Still another barrier is notifying and explaining to car owners that their vehicles will not be usable during updates, noted Tim Nixon, former CTO of OnStar.

The ability of carmakers to provide OTA updates and fixes will impact auto dealers and a panel composed of Rich Shannon, telematics division manager of Honda North America; Jason Schulz, business development and partnerships manager for Toyota; and Anette Gaven, marketing director for Novatel Wireless, discussed this. The consensus was that, while dealers may lose revenue from performing updates in the shop, this could let them focus on higher-value service work. At the same time, improved customer satisfaction from automatic updates could improve loyalty to the dealer.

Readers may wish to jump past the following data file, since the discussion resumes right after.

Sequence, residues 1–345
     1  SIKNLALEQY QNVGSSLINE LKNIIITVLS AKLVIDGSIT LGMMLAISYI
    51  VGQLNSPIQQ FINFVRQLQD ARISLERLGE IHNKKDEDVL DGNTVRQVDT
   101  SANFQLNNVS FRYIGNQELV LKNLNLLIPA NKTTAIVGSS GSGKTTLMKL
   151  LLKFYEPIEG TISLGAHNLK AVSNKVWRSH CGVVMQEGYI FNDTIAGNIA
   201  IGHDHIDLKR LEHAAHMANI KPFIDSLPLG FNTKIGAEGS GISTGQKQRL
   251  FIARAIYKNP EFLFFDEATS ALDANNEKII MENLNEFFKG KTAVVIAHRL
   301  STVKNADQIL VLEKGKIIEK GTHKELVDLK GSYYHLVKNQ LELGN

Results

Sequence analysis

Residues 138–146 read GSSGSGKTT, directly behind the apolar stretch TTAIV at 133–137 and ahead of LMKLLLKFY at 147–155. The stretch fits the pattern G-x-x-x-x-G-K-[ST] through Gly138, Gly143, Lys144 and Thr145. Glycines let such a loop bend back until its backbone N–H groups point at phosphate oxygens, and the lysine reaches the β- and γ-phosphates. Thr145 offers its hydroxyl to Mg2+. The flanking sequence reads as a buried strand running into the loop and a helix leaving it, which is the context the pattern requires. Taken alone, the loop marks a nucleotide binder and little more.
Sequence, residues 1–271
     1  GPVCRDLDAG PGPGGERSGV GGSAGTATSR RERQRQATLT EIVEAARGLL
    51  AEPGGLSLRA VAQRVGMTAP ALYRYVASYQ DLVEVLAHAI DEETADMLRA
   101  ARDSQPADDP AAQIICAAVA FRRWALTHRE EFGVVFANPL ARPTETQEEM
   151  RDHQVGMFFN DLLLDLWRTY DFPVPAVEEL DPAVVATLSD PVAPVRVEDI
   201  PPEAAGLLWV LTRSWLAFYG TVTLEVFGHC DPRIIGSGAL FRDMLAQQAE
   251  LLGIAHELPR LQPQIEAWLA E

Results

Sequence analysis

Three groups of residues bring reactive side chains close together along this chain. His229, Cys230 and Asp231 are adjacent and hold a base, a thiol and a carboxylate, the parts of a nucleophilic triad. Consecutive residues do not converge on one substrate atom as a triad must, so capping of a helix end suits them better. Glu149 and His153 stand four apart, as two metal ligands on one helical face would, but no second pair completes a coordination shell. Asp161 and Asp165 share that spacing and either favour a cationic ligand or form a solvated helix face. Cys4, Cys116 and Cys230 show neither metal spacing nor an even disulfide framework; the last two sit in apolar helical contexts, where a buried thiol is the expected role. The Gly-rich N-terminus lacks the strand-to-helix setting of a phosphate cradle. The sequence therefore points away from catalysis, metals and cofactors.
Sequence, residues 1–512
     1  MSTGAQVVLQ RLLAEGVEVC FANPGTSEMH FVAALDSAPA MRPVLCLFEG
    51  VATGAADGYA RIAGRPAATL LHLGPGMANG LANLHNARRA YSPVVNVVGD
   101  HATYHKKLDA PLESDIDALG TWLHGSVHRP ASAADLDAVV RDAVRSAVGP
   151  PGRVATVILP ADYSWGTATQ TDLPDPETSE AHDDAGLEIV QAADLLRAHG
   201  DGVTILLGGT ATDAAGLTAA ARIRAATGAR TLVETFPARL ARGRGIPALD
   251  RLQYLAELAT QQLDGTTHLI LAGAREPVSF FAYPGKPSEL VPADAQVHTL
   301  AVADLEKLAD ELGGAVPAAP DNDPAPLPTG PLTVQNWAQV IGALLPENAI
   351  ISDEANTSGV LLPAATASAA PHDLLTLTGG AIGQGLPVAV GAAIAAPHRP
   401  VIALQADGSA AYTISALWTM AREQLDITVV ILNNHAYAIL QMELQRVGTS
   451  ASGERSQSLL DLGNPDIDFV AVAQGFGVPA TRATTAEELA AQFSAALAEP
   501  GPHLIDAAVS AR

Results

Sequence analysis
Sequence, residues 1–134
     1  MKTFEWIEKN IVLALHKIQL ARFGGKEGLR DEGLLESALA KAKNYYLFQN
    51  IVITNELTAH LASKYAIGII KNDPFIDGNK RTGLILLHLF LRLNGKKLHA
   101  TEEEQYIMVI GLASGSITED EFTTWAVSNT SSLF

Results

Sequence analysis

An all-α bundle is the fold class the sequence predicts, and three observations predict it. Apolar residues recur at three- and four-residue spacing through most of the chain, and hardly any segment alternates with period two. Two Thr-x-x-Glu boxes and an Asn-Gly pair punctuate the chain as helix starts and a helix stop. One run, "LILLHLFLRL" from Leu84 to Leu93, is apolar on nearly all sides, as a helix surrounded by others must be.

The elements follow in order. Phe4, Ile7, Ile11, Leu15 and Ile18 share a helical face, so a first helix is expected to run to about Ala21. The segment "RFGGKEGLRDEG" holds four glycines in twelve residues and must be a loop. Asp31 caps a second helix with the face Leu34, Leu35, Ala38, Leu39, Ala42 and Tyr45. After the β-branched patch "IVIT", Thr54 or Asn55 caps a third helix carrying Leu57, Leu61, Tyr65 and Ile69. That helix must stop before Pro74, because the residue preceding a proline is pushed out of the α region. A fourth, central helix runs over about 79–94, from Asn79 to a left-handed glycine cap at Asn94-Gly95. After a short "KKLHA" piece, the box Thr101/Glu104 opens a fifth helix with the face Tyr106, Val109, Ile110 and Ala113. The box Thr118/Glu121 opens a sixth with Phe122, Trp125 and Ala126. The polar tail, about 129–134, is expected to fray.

Can carmakers get sexier?

Christopher Heiser, CEO of Renovo Motors, a self-described "mini-OEM" that recently released a demonstration EV, tweaked traditional manufacturers as being unwilling to work with small, innovative companies. He said companies like his, as well as Tesla, Uber and upstart carmakers from Asia, begin with a blank slate and therefore can define the technology they use and are willing to take more risks.

At the same time, he said, technology is being rammed down the industry's throat by consumers who are used to it on their smartphones.